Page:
In 1987 a jury in Billings, Montana, convicted an 18-year-old man named Jimmy Ray Bromgard of raping an 8-year-old girl. At the trial the victim, who earlier had picked Bromgard out of a police lineup, said she was only “60-65 percent” sure he was the perpetrator. The next day in court, however, prosecutors introduced hair samples found at the scene of the crime that they said were indistinguishable from those provided by the accused. The director of the state’s crime lab testified that the chances of this being a coincidence were one in 10,000. Bromgard’s public attorney did not challenge this claim. He met with his client only once before the trial began, waived his opening statement and failed to investigate whether other evidence at the scene of the crime, such as traces of semen on the girl’s dress, implicated his client. It took one hour for the jury to arrive at a guilty verdict; the judge, struck by Bromgard’s lack of remorse, sentenced him to three concurrent forty-year sentences.
But there is a reason Bromgard wasn’t sorry. As an investigation by the New York-based Innocence Project would eventually reveal, the semen found on the victim’s dress did not match up with his. The scientific-sounding claims about the hair samples turned out to be baseless. In 2002 DNA testing cleared Bromgard of the crime, by which point he’d spent more than fifteen years in state prison–“hard years,” stresses Ron Waterman, a lawyer now representing him in a civil suit. Like many presumed child molesters, Bromgard was beaten repeatedly while locked up. On one occasion his jaw was smashed. He left with a decade-plus gap in his employment history and no functional skills. “And, of course, there’s still a stigma that follows him,” Waterman told me when we met at his office in downtown Helena, the state capital.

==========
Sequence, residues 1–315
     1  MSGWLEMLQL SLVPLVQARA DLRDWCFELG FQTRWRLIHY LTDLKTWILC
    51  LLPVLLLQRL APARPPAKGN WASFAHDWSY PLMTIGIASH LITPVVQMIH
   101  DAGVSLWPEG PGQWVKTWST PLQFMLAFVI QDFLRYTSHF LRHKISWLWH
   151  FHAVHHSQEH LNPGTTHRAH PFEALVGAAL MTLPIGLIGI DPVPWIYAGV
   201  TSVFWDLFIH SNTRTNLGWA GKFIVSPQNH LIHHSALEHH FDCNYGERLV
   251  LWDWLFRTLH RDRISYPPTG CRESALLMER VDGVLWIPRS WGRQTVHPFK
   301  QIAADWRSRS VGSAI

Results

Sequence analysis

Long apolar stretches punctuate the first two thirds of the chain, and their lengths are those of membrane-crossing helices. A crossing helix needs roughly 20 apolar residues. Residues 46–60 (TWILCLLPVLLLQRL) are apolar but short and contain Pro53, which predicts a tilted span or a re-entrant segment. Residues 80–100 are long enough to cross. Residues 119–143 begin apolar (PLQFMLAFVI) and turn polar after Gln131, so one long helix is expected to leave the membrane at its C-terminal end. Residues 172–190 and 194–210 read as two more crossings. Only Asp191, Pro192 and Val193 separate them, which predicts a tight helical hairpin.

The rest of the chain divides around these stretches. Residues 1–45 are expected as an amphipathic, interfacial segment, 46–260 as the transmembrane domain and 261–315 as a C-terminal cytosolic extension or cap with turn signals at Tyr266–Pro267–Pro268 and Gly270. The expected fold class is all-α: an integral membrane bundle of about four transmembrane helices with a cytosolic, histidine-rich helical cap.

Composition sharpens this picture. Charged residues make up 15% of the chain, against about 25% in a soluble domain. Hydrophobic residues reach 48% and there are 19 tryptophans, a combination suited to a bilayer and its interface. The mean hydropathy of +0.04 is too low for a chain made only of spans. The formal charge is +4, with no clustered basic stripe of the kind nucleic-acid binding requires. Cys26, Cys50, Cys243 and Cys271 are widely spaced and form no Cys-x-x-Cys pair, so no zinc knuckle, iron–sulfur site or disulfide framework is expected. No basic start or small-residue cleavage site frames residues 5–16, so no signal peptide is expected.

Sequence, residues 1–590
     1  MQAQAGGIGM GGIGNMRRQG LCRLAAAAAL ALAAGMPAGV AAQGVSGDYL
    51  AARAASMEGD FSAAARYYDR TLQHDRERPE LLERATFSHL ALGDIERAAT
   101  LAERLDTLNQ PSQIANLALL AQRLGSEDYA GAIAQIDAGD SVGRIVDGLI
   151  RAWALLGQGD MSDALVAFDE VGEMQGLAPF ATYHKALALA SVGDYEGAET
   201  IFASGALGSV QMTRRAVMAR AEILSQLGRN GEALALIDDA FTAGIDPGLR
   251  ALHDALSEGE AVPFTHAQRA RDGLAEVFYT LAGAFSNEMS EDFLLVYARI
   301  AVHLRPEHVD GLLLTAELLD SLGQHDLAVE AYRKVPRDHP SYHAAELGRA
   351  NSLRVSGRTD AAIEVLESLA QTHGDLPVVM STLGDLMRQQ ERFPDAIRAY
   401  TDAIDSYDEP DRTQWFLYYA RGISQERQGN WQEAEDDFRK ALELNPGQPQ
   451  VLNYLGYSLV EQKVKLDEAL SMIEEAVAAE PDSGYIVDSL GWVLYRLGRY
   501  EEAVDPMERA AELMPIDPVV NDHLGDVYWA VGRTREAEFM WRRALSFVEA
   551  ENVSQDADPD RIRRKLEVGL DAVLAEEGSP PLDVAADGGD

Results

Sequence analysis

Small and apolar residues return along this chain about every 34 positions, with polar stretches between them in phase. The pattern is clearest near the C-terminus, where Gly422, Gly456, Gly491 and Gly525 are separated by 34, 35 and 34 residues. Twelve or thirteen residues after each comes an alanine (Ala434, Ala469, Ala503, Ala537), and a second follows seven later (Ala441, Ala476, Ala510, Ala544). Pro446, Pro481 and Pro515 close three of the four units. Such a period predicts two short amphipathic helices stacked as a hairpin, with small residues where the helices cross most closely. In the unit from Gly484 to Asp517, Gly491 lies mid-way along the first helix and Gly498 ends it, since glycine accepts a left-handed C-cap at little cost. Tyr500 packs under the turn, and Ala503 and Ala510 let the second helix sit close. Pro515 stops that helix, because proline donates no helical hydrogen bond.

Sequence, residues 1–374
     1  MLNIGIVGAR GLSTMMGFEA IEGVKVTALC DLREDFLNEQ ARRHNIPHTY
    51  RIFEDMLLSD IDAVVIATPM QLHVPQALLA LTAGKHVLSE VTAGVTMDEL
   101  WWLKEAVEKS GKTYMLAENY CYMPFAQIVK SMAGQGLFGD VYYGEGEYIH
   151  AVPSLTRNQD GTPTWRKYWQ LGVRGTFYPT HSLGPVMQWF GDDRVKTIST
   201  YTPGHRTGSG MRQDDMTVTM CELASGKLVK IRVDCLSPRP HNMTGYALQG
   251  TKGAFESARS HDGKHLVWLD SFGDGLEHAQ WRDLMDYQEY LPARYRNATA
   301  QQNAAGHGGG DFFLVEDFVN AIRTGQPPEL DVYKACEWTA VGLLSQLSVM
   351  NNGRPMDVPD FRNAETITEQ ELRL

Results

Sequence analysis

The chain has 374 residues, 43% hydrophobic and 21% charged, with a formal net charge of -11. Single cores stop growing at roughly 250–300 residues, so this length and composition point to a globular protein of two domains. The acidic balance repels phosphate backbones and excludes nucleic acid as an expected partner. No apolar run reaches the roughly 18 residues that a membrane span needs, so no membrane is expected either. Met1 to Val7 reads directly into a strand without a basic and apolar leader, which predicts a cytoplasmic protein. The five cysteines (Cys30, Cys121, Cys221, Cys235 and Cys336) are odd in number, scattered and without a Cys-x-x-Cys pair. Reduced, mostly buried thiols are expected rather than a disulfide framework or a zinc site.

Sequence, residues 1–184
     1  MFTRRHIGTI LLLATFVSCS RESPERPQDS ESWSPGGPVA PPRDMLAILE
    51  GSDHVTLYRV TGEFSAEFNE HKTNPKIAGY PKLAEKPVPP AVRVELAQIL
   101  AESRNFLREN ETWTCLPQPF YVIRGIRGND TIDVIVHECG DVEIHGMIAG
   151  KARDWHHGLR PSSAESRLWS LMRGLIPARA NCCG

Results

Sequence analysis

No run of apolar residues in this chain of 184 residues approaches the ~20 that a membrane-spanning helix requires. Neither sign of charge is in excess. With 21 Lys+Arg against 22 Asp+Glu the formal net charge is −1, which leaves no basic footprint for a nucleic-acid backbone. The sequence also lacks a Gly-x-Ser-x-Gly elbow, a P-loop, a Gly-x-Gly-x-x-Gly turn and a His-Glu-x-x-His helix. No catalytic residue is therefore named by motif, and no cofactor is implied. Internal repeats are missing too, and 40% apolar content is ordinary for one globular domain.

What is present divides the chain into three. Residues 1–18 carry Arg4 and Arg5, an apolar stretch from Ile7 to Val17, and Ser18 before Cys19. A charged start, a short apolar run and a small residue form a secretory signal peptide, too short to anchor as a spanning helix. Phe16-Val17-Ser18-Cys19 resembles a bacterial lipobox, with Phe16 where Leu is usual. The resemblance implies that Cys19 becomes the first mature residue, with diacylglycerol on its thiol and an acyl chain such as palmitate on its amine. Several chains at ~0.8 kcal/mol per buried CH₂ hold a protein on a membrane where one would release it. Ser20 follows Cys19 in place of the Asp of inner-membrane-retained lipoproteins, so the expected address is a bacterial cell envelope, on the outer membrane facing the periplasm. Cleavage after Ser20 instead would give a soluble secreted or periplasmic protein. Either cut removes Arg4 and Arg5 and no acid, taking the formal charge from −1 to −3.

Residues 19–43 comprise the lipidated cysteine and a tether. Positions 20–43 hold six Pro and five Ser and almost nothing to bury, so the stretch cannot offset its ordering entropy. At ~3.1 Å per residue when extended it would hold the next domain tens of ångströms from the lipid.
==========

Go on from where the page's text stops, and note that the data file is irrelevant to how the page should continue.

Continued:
Jimmy Ray Bromgard may have paid more dearly for the shoddy legal representation he received than most people who have shuffled through Montana’s criminal justice system over the past few years, but his case was no anomaly. “Our estimate was that the system got roughly 100 people wrongfully imprisoned per year,” said Waterman, a partner at one of Helena’s most prestigious law firms. The problem was not just overzealous prosecutors, he explained. It was a public defender system that left poor people accused of crimes consistently shortchanged.
A few years ago investigators from the National Legal Aid and Defender Association (NLADA) fanned out across Montana to gauge the extent of problems like those Bromgard encountered. In some counties, they found, public defenders reported being so overloaded they spent forty-five minutes per felony. Others said judges pressured them to pursue plea bargains for their clients regardless of the circumstances, or that they had no money to purchase office supplies, much less to hire experts to contest the evidence prosecutors presented in court. In one instance a lawyer was unaware that his client was a schizophrenic; another characterized investigating the charges against the people he represented as “aspirational activities.”
The NLADA investigation was carried out at the behest of the ACLU, which in 2002 had filed a lawsuit charging seven Montana counties with failing to fulfill their constitutional obligation to provide indigent residents with qualified legal counsel. Afterward lawyers on both sides set about preparing for a bruising legal battle. Depositions were taken; arguments were prepared. The matter seemed destined to be settled in court. In May 2004, however, perhaps sensing that a ruling might not go in the state’s favor, Montana Attorney General Mike McGrath announced that instead of fighting the lawsuit, he would work with the ACLU to convince the legislature to pass a bill addressing its concerns.